I have a life-long love of storytelling and problem solving. These fascinations have shaped me as a social scientist, project coordinator, researcher, writer, traveler and photographer. I am a native of the Pacific Northwest and feel drawn to the social and environmental issues that shape my home.

I am currently a PhD candidate in the Water Resources IGERT program at the University of Idaho, where I continue to build skills in GIS and spatial analysis, social research techniques, water law, and the art of collaborative research. My dissertation is interdisciplinary, with a broad objective of highlighting socio-hydrological vulnerability in the Columbia River Basin. I am humbly examining how to measure and communicate vulnerability, how social networks may help tell the story of community resilience, and how to infuse policy and management with local and indigenous knowledge.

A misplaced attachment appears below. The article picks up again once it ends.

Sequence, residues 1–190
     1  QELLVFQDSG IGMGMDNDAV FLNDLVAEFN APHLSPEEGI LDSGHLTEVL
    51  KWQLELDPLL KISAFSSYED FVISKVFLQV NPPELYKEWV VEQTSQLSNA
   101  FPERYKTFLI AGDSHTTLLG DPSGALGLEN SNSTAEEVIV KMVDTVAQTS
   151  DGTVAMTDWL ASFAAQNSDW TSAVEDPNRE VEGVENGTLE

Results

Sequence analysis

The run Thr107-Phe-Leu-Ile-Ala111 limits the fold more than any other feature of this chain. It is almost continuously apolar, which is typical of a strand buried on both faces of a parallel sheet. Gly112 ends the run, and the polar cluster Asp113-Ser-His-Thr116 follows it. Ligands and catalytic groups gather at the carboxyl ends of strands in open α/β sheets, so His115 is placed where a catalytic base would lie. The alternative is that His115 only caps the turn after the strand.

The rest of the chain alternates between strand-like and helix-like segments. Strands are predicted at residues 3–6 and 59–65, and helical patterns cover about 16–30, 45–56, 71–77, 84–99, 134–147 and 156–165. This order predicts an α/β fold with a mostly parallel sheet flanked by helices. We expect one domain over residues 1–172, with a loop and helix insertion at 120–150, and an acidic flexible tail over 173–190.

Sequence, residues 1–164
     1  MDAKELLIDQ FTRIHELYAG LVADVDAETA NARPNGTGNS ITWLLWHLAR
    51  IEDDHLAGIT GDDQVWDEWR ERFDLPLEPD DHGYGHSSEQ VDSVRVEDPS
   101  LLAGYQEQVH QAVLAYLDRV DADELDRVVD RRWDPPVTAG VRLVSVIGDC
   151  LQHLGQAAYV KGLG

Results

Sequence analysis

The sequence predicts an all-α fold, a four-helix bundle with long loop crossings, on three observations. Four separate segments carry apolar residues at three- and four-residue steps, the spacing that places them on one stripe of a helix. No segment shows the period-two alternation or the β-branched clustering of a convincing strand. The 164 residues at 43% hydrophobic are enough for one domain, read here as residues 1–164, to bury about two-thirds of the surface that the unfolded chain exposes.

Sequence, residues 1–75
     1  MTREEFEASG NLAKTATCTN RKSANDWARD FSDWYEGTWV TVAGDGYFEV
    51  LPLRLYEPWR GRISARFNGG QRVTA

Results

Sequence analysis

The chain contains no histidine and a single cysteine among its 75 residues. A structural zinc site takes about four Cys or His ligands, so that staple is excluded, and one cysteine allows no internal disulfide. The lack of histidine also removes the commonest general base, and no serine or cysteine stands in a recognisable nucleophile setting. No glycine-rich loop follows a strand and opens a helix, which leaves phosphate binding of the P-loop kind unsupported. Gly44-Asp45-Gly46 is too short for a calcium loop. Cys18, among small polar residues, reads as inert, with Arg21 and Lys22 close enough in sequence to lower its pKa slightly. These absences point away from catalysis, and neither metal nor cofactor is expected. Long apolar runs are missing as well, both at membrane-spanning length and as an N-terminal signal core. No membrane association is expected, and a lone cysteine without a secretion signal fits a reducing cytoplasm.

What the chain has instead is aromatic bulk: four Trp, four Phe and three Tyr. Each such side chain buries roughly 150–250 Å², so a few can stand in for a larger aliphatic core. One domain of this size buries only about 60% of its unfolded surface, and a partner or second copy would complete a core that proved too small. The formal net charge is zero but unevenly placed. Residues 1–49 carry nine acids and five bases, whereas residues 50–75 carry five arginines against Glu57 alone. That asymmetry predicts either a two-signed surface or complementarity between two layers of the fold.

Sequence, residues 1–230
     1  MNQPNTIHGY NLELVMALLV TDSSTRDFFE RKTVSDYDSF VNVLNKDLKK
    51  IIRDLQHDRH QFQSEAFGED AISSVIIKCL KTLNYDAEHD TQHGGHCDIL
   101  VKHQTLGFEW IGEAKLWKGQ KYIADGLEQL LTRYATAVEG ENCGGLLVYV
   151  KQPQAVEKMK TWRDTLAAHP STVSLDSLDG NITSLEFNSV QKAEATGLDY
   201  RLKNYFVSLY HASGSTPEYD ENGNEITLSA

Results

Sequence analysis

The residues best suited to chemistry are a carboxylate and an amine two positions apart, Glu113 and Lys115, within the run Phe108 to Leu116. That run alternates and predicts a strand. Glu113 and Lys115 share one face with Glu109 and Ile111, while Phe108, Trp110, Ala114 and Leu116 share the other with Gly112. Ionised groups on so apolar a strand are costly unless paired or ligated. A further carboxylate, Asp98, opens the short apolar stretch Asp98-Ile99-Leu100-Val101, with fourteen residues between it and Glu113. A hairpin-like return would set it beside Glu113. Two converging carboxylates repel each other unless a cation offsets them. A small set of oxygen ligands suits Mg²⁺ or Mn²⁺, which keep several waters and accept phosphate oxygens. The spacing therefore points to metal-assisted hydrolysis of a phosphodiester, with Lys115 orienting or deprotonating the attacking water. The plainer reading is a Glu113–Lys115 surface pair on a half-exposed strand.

I am a systems thinker with strengths in creative problem solving, leadership, group facilitation, and mediation. My career goals include building community resilience to climate change through locally defined water management and grassroots, proactive adaptation. My work experience in this field is diverse, and includes: coordinating the Coastal Climate Change Adaptation Project with the Oregon Shores Conservation Coalition in Lincoln County, Oregon; facilitating integrated water resource management efforts in the Rulindo District of Rwanda, Africa; and coordinating research at the AquaFish Innovation Lab at Oregon State University, where my work integrated water resources, gender equity, and food security. I currently hold a B.A. in public policy and health policy studies from Duke University, and an M.S. in Water Resources Policy and Management from Oregon State University.